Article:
High school student taking college class -- is there a tax credit?

<p>If we paid tuition for our son, 16, to take a college class, do we qualify for the Lifetime Learning Credit?</p>

<p>As I read the IRS publication, he doesn't qualify for the American Opportunity Credit because he's not enrolled in college at least half-time. I'm not finding a description of "qualifying student" for Lifetime Learning Credit ... does anyone know?</p>

<p>He got 3 hours of college credit to be used in the state university system (if he attends a state school here). The tuition was $900 or so.</p>

<p>Any advice welcome. Thank you!</p>

<p>Did you receive a form 1098-t?</p>

<p>No. No 1098-T.</p>

<p>I "think" that you have to have completed high school to take those tax credits. I am not a CPA so I could be wrong. Here the college level classes are free for high school kids so I haven't had to worry about it on our personal taxes but I THINK that completing high school was one of the qualifiers on the form.</p>

<p>My son took physics at our CC his senior yr (2010-2011) and we received the 1098-T a few weeks ago. We didn't get one last year.</p>

<p>We got one too, but I didn't think we were eligible. I think I should do some research...</p>

<p>I did a fair amount of research on this when our kids took concurrent enrollment classes, and decided that, yes, tuition for those courses was eligible for the Lifetime Learning Credit (they only took 1 or 2 courses at a time, and were therefore enrolled less than half-time at the college - rest of the day was hs classes - and so not eligible for the AOC in the calendar years that did not include the first half of their freshman years in college.)</p>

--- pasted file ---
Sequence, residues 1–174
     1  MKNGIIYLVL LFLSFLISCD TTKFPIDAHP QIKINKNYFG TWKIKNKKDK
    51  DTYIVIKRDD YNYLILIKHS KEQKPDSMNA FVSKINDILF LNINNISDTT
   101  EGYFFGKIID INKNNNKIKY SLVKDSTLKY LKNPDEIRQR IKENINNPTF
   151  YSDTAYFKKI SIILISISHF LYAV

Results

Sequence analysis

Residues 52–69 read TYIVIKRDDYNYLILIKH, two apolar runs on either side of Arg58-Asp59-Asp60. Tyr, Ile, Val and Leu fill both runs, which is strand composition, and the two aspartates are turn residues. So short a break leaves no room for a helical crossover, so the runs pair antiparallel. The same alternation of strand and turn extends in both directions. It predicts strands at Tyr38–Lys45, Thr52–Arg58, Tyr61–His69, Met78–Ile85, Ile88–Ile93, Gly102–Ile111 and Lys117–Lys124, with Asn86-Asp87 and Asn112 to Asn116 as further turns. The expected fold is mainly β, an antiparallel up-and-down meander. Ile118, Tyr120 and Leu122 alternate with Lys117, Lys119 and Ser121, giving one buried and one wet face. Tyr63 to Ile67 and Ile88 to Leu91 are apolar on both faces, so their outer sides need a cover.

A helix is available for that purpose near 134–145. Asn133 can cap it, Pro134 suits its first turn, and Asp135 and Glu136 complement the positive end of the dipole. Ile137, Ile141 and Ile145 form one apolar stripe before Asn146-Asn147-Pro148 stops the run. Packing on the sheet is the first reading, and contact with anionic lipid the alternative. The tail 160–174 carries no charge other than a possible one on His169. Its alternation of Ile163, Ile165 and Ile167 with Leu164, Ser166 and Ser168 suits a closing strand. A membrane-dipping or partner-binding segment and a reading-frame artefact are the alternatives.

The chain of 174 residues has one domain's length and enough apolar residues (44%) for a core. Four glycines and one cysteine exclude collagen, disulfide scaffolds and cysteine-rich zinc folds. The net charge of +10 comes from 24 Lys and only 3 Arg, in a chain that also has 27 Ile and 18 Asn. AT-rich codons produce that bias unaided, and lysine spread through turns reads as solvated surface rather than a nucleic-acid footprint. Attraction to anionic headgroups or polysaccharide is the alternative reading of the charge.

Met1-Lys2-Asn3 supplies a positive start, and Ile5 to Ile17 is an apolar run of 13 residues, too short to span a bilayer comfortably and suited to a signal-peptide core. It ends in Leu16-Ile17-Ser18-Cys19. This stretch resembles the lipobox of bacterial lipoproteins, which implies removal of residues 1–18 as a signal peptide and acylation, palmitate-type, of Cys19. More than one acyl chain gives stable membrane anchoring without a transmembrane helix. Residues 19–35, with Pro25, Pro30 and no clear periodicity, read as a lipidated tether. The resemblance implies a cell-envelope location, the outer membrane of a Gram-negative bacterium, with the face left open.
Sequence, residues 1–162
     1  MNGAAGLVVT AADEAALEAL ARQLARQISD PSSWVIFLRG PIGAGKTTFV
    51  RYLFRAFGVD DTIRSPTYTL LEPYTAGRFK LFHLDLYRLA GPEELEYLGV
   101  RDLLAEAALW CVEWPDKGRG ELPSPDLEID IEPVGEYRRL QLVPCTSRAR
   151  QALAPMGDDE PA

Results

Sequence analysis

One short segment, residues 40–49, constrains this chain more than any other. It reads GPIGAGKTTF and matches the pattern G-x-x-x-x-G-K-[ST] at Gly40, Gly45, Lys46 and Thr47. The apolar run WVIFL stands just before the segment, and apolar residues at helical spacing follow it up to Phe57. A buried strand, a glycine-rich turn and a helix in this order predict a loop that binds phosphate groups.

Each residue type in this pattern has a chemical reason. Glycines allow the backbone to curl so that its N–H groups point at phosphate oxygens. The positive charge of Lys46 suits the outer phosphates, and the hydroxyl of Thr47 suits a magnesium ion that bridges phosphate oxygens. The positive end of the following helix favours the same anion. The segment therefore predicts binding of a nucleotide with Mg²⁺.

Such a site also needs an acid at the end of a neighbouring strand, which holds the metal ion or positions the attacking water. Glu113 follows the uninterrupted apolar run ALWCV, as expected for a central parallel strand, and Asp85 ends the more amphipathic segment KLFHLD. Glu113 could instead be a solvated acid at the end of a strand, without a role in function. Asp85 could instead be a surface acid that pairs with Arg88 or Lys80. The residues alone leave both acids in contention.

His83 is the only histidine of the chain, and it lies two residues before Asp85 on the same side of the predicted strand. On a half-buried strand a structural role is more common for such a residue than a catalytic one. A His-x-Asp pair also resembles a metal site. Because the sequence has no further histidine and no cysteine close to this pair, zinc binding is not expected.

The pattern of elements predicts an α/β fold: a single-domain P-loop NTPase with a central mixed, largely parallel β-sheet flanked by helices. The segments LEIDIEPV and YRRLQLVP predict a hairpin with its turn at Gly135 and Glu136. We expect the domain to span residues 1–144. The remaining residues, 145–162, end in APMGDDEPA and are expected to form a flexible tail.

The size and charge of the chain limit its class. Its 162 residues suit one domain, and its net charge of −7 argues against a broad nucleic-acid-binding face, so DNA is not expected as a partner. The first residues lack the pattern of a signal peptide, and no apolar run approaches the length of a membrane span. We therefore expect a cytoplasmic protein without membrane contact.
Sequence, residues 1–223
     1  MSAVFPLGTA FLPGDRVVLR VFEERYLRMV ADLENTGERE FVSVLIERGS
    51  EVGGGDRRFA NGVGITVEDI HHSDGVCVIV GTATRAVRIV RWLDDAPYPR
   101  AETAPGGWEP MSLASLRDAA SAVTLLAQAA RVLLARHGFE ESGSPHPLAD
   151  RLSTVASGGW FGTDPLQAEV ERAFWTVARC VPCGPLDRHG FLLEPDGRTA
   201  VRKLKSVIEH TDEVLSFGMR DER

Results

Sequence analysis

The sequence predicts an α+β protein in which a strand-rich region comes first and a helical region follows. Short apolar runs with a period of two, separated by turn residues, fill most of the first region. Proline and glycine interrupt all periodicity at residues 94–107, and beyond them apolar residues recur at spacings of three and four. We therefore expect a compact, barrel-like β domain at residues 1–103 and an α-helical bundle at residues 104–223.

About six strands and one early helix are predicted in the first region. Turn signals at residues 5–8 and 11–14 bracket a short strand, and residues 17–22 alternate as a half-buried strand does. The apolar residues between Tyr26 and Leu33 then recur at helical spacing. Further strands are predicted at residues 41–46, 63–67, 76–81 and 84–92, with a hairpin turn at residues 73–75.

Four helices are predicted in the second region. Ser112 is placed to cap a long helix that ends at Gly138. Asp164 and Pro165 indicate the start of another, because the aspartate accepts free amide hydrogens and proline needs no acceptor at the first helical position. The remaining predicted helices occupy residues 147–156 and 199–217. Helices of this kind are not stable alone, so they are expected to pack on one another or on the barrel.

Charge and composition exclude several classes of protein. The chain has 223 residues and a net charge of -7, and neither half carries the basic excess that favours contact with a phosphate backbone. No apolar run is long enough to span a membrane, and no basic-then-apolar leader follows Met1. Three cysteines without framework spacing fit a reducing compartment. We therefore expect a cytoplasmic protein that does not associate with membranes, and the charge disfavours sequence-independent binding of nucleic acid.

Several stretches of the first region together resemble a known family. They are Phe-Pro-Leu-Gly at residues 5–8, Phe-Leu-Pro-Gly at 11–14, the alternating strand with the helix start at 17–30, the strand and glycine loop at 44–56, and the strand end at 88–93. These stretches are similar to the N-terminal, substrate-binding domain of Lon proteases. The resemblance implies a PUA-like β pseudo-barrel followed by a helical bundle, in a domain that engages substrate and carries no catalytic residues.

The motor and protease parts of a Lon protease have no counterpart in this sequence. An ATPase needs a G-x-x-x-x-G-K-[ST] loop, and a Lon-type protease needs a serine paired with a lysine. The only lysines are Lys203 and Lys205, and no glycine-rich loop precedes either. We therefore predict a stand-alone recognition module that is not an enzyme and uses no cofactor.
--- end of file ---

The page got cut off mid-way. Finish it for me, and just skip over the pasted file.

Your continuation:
<p>An answer to an FAQ on the IRS website says this:

Question: Is an education credit available for the cost of a high school student taking college classes before graduation from high school?</p>

<p>Answer: The cost of college classes taken while a student is attending high school may qualify for an education tax credit if the requirements for the credit are met.</p>

<p>Additional Information:
Publication 970, Tax Benefits for Education
Form 8863 (PDF), Education Credits (Hope and Lifetime Learning Credits)

<a href="http://www.irs.gov/faqs/faq/0,,id=199794,00.html%5B/url%5D"&gt;http://www.irs.gov/faqs/faq/0,,id=199794,00.html&lt;/a&gt;&lt;/p>

<p>(in re-researching this just now, found a few websites where tax preparers where discussing the issue. Their responses were all over the map on this, confirming my impression that many, if not most, tax preparers don't know JACK about issues concerning higher education tax issues, financial aid, etc. It also seems like a lot of the tax preparation software is also close to useless in this department. Bottom line, educate yourself -- read Pub. 970 closely, especially the helpful examples given therein, and the instructions for Form 8863, also IRS FAQs such as on the page I linked.)</p>

<p>IMHO, the IRS answer seems pretty definitive that a hs student is eligible, provided of course that the other requirements are met.</p>

<p>Thank you, MomCat2. I'm with you on the importance of educating yourself on the tax code. I'll take another look, but I think we do qualify for an education credit for the tuition we paid for our son to take a college class.</p>

<p>Yes. I received 1098-T for my kid.</p>